Bonus: Olympus Is Outshining Every Other Brand for Tech Innovation, but No One Seems to Care Because They’re Micro Four Thirds

Taken with the O-MD E-M1 Mark III using Live ND to drag the shutter in blindly bright conditions.

I recently spent a while in Costa Rica with Olympus and their new OM-D E-M1 Mark III, and it was eye-opening in a number of ways. Firstly, Micro Four Thirds sensors aren't anywhere near as bad as people make out. That said, I admit that for some photography, they aren't a good fit. But the biggest surprise was the tech going into the E-M1 III and some of their other recent bodies. They have spectacularly good functions, like autofocus on stars, a live ND filter, live in-body image composites, and so on. Not to mention they have arguably the best IBIS system in the world. It seems to me there are a hell of a lot of people who could really benefit from these cameras that won't consider them because they're not APS-C or full-frame.

What Are Your Unpopular Opinions?

Many of the comments will be bashing me, but in-between them, make sure you leave your own unpopular opinions (about photography — don't get carried away) and share the heat that I'm about to endure!

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126 Comments

Rod Kestel's picture

#3, for sure. I used my phone for major surgery, saved me a motsa in medical fees.

And my own (shhhh). I shoot almost entirely jpeg. Please don't ban me.

Matthew Lacy's picture

I think I could count the amount of raw shots I've taken on both hands.

Black Z Eddie .'s picture

Oh, no, you diin't. j/k :D

jim hughes's picture

My unpopular opinion: nobody actually cares about sharpness in the corners.

jim hughes's picture

What I meant was: nobody but photographers.

Miha Me's picture

My corners are always 90°, pretty sharp if you ask Me

technically, a right angle isn't sharp ...

Miha Me's picture

But it's pretty 😊

Those who put people off-center do.

You mean those people who know how to proper frame a photograph so it's is actually interesting to watch for longer than a few seconds?

Its so true. Modern lenses worry about so many things that don't matter and over correct all the things that used to give lenses and images character. I hate that digital, sanitized look.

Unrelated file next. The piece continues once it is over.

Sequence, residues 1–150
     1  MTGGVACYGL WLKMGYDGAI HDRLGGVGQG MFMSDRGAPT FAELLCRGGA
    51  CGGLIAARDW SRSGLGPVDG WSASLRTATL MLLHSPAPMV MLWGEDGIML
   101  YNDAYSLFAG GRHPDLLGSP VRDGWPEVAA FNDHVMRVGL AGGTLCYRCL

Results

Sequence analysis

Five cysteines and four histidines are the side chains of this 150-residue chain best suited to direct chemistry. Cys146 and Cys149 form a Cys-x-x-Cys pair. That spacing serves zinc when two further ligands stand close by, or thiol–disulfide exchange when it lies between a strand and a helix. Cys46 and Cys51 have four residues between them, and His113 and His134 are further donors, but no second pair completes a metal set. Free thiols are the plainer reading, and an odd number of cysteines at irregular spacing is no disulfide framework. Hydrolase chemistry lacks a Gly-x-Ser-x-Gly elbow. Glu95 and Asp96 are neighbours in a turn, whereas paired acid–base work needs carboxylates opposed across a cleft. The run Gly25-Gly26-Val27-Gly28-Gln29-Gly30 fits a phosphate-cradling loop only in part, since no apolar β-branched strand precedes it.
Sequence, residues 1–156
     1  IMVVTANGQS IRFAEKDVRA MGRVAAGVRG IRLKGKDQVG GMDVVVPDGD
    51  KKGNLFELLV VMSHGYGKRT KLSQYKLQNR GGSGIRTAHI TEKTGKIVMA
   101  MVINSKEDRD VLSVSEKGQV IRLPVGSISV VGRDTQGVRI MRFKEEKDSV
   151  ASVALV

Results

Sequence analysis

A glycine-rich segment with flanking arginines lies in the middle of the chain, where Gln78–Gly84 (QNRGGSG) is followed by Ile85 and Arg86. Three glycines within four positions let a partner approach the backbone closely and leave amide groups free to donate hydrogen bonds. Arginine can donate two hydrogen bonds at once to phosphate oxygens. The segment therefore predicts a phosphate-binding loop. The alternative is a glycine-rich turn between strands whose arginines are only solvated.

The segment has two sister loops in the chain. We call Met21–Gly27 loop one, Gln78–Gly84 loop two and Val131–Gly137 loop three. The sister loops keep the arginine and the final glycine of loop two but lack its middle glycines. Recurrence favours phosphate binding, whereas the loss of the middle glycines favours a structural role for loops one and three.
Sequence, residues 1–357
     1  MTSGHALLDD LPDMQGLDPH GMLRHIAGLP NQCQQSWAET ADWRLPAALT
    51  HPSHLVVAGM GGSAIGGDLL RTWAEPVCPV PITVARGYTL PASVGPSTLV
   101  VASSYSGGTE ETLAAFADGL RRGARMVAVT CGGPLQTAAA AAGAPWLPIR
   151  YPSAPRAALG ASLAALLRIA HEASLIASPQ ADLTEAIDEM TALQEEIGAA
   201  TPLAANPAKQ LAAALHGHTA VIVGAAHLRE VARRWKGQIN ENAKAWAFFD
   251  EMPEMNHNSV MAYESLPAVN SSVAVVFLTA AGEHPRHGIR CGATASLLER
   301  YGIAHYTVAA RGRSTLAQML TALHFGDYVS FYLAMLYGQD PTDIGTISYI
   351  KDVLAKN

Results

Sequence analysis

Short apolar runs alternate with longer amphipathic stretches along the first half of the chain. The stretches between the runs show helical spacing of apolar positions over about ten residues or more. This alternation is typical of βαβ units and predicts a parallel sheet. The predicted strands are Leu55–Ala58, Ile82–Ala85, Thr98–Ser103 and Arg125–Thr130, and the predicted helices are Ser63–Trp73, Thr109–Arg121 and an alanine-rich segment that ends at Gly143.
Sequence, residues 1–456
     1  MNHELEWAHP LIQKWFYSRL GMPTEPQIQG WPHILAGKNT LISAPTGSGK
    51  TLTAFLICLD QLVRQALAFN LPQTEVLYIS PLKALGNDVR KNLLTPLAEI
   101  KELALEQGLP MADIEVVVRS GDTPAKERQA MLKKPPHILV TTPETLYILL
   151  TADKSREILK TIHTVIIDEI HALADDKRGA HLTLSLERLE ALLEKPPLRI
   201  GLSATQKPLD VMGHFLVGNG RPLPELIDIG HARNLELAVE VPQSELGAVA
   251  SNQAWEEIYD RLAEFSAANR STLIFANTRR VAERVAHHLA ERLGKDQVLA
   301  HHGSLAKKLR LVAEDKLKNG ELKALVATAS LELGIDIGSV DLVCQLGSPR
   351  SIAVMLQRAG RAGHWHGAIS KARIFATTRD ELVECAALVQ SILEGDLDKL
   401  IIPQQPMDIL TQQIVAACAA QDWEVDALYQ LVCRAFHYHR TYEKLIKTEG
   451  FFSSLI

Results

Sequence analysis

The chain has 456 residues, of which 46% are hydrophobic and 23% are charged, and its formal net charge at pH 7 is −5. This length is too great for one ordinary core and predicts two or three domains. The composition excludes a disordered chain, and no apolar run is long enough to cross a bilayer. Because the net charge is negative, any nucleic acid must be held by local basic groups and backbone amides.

David Moore's picture

I think most people i know think all of those except the Olympus one?

Robert K Baggs's picture

Well, that's a tricky one. It means my article was both successful and unsuccessful at the same time.

Benoit Pigeon's picture

I skipped that one intentionally.

Olympus is a great system with great lenses. Especially when you don't need shallow depth of field or super low light. If you shoot product or still life, possibly the best short of medium format.

#1 If you are full frame shooter and claim you can't use Fuji because APS-C isn't achieving the same "quality" , then really why aren't you using the GFX (or Phase One)

David Moore's picture

I so would be if I could afford them lol.

For Phase I agree - for GFX not really an excuse if compared to Sony... off the top... GFX camera $4000, lens between $500 and $2500 ish ...

David Moore's picture

Yeah, but I don't have oh... $7000 to buy all that with. I paid all of like $1250 for my EOS R. lol

FF is middle ground where you get fast cameras with good high ISO performance.

Dom Oranika's picture

More lenses, shallower max depth of feild, cost/resolution. A7RII is around $1200 these days. size(Sony) a lot. Gfx is late to most shooters and have slow lenses that are super expensive

Dom Oranika's picture

At the same time, it's not that I wouldn't use Fuji x, I just choose the FE platform and have lenses for those that Fuji x can't match

1. Fuji rocks just because they are giving full frame the finger
2. William Eggleston sucks and was created by art critics
3. Fine art nudes are the second worst genre, right after street. Some models should just keep their clothes on.
4. Flickr is the best photo sharing site, period.
5. Railroad fatalities are an endless source of amusement at this point. How many campaigns, how many articles, how many dead models until it sinks in? Until it does, enjoy the carnage!

Bonus
A. Kickstarter photography projects are a crime against humanity. Children are starving, well, everywhere. Why are you wasting your money on cardboard cameras? Injecting booze into a lens is dumb. For best results inject booze into the photographer and support a local charity.

#4 for sure. At least for photography. If you want only quick attention than Instagram is the way to go.

Why is street worse than fine art nudes? I have a feeling the answer could be fun to read... :-P

Lee Christiansen's picture

I'm still waiting for the Street Nude genre to catch on... then I wouldn't get into so much trouble... Ha.

Dom Oranika's picture

We need a nude vs street essay!

#4 is for creepy d bags that are trying to take advantage of their models. "I'll make you famous"

Paging Terry Richardson...